Diversifying Sourcing Beyond China: Benefits and Risks

Diversifying Sourcing Beyond China: Benefits and Risks

October 21, 2020 | Supply Chain Blogs

The outbreak of COVID-19 has prompted many multinational companies to consider supplier diversification, by looking at geographies beyond China.

Recently, Apple’s contract manufacturer Foxconn, which has plants in China, announced plans to diversify sourcing, joining the likes of Samsung and Mazda, to create resilience in the supply chain.

Another Apple supplier Taiwan Semiconductor Manufacturing Co. has decided to build a manufacturing plant in Arizona as an alternative to sourcing from China and serving US customers directly.

Impact of pandemic on sourcing

Some companies, especially from Europe and North America, which were solely dependent on China, initiated plans to diversify sourcing even before the pandemic. Some also considered reshoring – the practice of bringing back a part of or the entire manufacturing and services to its original location.

This was mainly due to growing protectionism in the form of trade tariffs, rising labor costs and calls for environmental sustainability.

However, the ongoing pandemic significantly exposed the weaknesses in global supply chains and lack of manufacturing self-reliance in different nations.

This became evident when sourcing essential medical supplies such as personal protective equipment, ventilators and medicines with their production largely concentrated in China.

Although China bounced back from production shutdowns earlier than anticipated, there was a cascading effects on trading partners that had to deal with product shortages and delays.

The many sides of sourcing diversification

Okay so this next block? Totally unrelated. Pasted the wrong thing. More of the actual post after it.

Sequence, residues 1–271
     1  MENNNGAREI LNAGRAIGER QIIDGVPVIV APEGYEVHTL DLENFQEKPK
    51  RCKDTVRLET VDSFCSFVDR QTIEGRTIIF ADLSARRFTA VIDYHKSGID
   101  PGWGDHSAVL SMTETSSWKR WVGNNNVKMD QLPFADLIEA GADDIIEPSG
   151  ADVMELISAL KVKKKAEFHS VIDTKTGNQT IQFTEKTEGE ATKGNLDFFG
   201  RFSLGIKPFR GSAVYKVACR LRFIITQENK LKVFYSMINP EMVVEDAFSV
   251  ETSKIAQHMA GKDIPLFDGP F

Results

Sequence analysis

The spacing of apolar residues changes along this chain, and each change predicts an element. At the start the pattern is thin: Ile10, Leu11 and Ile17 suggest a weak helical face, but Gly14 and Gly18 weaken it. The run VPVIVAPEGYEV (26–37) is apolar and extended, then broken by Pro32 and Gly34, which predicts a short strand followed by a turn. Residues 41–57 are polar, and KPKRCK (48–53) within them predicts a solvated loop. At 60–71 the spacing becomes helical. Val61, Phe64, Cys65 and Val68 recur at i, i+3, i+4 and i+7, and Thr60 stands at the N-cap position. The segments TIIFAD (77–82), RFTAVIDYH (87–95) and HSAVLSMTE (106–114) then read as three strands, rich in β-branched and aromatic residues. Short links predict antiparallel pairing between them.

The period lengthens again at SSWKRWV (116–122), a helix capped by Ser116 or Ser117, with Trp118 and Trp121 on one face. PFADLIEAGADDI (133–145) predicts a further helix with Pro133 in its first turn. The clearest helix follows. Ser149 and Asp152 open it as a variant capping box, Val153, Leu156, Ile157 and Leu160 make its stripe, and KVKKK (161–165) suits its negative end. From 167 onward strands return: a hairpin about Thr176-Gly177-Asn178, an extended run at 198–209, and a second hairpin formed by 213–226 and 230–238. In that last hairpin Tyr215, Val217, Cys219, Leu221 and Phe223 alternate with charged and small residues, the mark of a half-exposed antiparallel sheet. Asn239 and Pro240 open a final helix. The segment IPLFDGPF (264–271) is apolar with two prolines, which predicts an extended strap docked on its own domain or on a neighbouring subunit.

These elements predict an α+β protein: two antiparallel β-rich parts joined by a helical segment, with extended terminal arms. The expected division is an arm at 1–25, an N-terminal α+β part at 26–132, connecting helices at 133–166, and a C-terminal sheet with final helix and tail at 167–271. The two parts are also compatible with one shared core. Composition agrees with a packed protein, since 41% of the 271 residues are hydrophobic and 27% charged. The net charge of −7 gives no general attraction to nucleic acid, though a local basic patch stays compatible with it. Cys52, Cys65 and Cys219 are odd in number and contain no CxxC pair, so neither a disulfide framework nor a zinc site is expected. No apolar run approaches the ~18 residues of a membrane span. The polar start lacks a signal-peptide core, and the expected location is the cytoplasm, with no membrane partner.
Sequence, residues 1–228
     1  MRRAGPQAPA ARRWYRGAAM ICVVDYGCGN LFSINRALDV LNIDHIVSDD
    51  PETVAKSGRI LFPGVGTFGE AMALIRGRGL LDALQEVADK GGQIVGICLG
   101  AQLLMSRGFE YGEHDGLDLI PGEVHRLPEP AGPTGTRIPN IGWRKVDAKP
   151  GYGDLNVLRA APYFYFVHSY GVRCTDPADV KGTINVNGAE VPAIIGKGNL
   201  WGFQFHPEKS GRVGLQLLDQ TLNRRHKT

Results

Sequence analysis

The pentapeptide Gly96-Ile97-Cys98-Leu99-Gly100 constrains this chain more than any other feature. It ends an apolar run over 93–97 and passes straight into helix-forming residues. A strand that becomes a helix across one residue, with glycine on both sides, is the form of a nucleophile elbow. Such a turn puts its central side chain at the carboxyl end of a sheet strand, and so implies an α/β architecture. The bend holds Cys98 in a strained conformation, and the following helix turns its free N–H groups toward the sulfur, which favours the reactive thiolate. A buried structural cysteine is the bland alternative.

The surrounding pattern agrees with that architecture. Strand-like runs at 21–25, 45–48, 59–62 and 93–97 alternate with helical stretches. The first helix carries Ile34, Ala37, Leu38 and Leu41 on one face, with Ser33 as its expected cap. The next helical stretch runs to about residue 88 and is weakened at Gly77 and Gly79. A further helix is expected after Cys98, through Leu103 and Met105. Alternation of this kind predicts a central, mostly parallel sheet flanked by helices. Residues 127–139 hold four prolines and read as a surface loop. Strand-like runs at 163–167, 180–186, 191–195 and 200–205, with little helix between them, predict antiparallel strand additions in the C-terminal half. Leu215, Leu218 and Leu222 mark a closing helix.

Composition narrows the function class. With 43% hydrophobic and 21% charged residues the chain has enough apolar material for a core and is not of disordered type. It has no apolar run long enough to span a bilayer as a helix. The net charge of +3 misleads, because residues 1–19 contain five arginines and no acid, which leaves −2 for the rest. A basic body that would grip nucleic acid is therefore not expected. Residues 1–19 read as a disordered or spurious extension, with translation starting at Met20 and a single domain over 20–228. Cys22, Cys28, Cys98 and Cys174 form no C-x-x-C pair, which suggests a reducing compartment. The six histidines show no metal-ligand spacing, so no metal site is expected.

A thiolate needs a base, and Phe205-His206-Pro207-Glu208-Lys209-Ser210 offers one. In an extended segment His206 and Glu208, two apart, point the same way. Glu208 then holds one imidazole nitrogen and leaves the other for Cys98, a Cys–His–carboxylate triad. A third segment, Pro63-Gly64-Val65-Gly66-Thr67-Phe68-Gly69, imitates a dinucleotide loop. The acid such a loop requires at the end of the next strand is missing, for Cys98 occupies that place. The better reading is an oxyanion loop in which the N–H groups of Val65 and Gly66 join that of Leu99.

Sourcing diversification reduces delays and chances of bottlenecks. It increases competition among suppliers and creates resilience for disruptions.

It also provides flexibility to meet unprecedented peak demands as the buyer is not dependent upon a supplier from a single geography like China.

However, sourcing diversification also means higher manufacturing costs and supply chain complexity. Also, the buyer loses the economies of scale that comes with engaging with a single supplier.

Besides going for alternative sourcing locations, some companies are also considering domestic manufacturing to stay closer to end markets and offer higher quality.

However, this strategy also comes with higher labor and material costs as well as lack of expertise.

Being cautious while diversifying 

Not all industries will perform better by moving out of China. Moving to other geographies may not be wise for certain sectors because of excess raw material capacity and the built-in expertise the current geography provides.

The strategic importance of certain industries should be also considered before implementing any change in sourcing strategies.

For example, diverse sourcing could work better for medical devices and pharmaceuticals rather than for apparel, consumer durables and food and beverages because of their less-complex supply chain and presence of multiple other sourcing countries.

Although the selection of alternative sourcing markets to China is dependent upon manufacturing expertise and supply chain needs, Mexico, Brazil, India and Vietnam seem to have become hot picks for companies.

Therefore, it is imperative for customers to consider strategic locations, their risk appetite, and the level of collaboration required with new suppliers for effective sourcing diversification.


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John Piatek

Vice President, Consulting

John has over 15 years of strategy consulting experience managing several large-scale engagements with leading global clients.

At GEP, John is responsible for partnering with leading CPG and retail enterprises on strategy, supply chain and management initiatives. John is also the Chair of GEP’s Thought Leadership Council.



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